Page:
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[cdt-l] CDT Planning - Fears and Expectations




So far this series has been mostly the “mechanical” part of the hike (and 
there’s more of that to come).  But, at least for us, there’s more to it 
than that. We look at a thruhike as a learning/growing experience.  So this 
is closer to the ‘head trip’ that we normally write about.  Ginny wrote this 
about a month before we started our CDT thruhike.  Some of you might want to 
consider the questions that it raises - particularly since so much of what 
she wrote became a part of our trail reality.

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FEARS AND EXPECTATIONS

What do you expect out of your thruhike?  What do you hope? What do you 
fear?  No matter how much research you do ahead of time, reality is always 
different from expectations.

For fun - consider what your expectations are for the trail.
Best hopes - worst fears.  These were some of mine:

Growth - learning - serenity
Ability to go back to being happy with myself - with Life.
Lose some of the cynicism.
Growing closer to Jim - fear of getting too close too.  Will I bore him?
Irritate him?  It's a lot of togetherness.
Total immersion in nature - time to sit on a mountain peak and stare across 
the ridges, across the plains, time to watch the sky, the clouds, the stars.

Happiness.
Fear that the push for miles will not allow enough play time.
New experiences with animals - grizzlies, elk, moose, etc. That always gives 
me joy.
Moments of joy - moments of peace.
Closeness to God - time to pray.

I don't really expect much in the way of contact with people.  Possible
conflict with locals - some trail magic maybe, mostly indifference I think.
The lack of other hikers will be different.  Good in many ways, but there 
won't be the kind of comradery we knew on the AT.

Fear of not being physically and emotionally strong enough.  Can I do long 
miles, day after day, without breaking down?  What if it gets to be sheer 
drudgery?
Fear that Jim is not strong enough.
Will one of us get injured?  What if we get sick? If one is injured, what 
then?
Separation?  Could we?  Would we? Could I watch him go on without me?  Could 
I hike alone without him?  Could I abandon the hike after waiting so long?

Hope of getting strong again - getting my body back.  Dancing across the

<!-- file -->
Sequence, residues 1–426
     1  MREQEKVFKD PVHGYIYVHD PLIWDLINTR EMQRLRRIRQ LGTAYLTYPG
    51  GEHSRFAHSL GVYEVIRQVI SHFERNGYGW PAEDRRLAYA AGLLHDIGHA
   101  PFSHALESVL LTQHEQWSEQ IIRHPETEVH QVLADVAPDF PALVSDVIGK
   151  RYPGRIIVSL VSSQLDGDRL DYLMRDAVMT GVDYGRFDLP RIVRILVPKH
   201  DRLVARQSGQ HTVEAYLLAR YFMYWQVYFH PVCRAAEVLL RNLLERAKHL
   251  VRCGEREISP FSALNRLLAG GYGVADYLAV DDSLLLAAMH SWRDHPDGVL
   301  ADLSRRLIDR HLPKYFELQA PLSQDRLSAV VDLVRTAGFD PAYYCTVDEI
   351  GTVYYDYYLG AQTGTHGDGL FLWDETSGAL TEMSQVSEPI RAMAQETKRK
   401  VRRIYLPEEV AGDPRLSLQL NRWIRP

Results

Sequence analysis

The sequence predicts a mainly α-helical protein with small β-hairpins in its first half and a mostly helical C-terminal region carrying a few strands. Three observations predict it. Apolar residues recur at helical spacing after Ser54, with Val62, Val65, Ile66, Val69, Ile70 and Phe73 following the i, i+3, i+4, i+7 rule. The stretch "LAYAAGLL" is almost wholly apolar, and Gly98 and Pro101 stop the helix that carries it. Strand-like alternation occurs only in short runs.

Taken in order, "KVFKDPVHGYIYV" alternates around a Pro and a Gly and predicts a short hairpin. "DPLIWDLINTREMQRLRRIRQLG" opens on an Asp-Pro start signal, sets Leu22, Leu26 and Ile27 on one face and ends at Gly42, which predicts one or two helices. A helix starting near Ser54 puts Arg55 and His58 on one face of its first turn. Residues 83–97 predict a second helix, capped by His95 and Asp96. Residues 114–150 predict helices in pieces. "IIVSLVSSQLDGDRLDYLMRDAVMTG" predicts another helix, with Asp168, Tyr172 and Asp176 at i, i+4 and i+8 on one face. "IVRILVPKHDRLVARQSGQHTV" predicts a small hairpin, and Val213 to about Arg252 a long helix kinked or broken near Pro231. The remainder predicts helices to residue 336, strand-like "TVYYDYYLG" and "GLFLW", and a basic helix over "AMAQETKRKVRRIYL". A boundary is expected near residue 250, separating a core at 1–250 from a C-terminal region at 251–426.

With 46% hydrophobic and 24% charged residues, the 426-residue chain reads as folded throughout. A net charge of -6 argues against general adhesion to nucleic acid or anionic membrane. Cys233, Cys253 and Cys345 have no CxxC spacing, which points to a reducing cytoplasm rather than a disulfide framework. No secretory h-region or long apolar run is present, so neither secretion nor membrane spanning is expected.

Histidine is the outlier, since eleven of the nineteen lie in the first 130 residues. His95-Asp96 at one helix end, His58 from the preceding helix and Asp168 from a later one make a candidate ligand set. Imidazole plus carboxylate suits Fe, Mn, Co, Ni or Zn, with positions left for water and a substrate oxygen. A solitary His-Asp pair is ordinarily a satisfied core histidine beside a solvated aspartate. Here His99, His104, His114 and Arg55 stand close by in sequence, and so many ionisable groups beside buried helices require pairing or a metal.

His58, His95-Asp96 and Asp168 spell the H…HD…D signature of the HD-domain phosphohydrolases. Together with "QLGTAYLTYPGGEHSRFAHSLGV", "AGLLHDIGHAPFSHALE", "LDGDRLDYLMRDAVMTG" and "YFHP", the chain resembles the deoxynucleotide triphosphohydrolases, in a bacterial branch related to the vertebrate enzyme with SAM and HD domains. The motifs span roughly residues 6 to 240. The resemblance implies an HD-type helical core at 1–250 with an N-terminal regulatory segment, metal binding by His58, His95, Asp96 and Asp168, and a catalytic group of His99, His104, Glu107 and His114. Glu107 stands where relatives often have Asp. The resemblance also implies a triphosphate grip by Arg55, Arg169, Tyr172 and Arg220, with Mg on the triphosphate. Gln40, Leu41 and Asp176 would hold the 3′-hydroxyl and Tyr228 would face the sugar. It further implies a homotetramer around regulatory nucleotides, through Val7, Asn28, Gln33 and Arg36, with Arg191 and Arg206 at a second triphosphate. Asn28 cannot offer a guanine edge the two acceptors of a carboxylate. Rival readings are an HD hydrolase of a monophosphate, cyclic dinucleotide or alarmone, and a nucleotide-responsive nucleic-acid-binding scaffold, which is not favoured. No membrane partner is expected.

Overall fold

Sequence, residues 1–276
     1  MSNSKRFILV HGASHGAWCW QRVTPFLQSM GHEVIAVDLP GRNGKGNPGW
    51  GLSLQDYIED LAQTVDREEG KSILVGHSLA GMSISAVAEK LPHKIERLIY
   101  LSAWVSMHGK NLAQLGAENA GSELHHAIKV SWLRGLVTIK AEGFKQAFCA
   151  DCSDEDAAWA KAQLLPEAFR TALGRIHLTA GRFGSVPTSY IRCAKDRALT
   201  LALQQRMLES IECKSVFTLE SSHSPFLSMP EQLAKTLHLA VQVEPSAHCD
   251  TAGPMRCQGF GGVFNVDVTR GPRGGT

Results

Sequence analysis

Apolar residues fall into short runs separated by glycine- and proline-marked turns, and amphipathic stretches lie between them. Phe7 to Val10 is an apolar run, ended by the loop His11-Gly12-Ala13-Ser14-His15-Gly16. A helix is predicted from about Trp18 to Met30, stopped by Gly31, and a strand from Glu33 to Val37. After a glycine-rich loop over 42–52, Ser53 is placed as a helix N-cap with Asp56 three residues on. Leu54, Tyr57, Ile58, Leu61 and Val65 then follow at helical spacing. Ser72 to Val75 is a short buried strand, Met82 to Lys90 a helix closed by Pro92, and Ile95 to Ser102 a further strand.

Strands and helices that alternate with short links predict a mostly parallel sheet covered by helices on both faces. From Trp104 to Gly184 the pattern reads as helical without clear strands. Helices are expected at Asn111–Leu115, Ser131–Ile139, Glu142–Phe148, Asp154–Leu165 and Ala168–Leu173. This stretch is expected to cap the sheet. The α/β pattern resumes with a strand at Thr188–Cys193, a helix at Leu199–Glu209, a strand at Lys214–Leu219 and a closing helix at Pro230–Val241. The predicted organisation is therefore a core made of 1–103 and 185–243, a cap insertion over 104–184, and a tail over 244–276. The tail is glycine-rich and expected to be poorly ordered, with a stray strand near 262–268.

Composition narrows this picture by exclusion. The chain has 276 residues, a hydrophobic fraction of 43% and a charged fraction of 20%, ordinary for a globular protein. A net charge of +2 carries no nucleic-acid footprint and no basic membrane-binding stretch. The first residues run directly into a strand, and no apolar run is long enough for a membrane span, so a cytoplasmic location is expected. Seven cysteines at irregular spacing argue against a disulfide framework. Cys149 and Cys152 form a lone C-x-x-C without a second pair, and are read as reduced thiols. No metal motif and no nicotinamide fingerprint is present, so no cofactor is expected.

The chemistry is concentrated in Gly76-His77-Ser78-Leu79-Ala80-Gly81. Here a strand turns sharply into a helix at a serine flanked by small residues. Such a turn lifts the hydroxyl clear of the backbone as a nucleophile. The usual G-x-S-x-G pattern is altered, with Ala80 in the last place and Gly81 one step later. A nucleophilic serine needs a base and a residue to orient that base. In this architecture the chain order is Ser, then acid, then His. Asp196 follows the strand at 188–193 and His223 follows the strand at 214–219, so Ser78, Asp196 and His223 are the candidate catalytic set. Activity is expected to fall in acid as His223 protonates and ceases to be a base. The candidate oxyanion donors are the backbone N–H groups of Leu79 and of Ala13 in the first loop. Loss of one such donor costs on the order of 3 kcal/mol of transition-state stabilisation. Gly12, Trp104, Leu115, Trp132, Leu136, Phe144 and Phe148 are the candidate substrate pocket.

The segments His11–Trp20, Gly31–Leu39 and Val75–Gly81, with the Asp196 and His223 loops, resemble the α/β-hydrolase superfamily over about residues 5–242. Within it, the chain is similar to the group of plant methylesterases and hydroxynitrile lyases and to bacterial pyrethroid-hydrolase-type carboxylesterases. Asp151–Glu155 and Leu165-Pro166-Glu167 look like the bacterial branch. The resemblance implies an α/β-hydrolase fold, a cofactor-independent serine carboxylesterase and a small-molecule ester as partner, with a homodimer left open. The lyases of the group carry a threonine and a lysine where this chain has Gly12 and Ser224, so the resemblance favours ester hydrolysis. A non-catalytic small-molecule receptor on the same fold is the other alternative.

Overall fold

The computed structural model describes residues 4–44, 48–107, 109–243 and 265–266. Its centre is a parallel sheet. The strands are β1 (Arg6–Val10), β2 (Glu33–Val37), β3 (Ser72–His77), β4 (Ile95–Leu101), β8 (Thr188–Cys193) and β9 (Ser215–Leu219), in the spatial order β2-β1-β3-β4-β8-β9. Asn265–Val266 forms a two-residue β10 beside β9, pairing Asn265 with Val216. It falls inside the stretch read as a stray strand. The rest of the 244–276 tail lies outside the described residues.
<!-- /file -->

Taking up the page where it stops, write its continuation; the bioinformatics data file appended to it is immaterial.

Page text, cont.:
rocks.  (Also crawling across the talus fields.)
I know we'll get tired of our food - and at the same time, we'll always be 
hungry.
Weather - I hate cold and wet, but we're likely to run into a lot of that.

We'll learn to read maps better, read the land, learn to flow with the land.
Hopefully we'll get back our ability to know what matters, and what really 
isn't important.
Flexibility - most important gift of the trail.
Self reliance - we can do it.
Growth as outdoors people and as individuals.  Going to trail graduate 
school.
Life reduced to the basics - this moment, this day, this mountain.  One
minute at a time.
Fear - getting caught in a thunderstorm, a blizzard, face to face with a 
grizzly or a mountain lion.

After trail fears - where will we go?  How will we live?  Can we go back to 
"normal" life?

What we have been told about the CDT: Expect to get lost, a lot.  Expect
bad weather, year around.  You need to be flexible.  It is hard.  You
won't see anyone out there.  Those who have hiked it don't seem to have the 
same kind of love for the trail that AT hikers have - except Jim Wolf.  Is 
that just because it is so hard?  The trail is a trial.

I romanticize thruhiking, nature, the mountains, etc. It is one aspect of 
life, it isn't life itself.  Or is it?

I want to be able to say, "I walked here all the way from Canada." Even
more, I want to go back to our friends and say, "We did it."  Not ego – but 
pride.

We could lose our lives over this.  Is it worth it?  It is only six
months. But what a six months.


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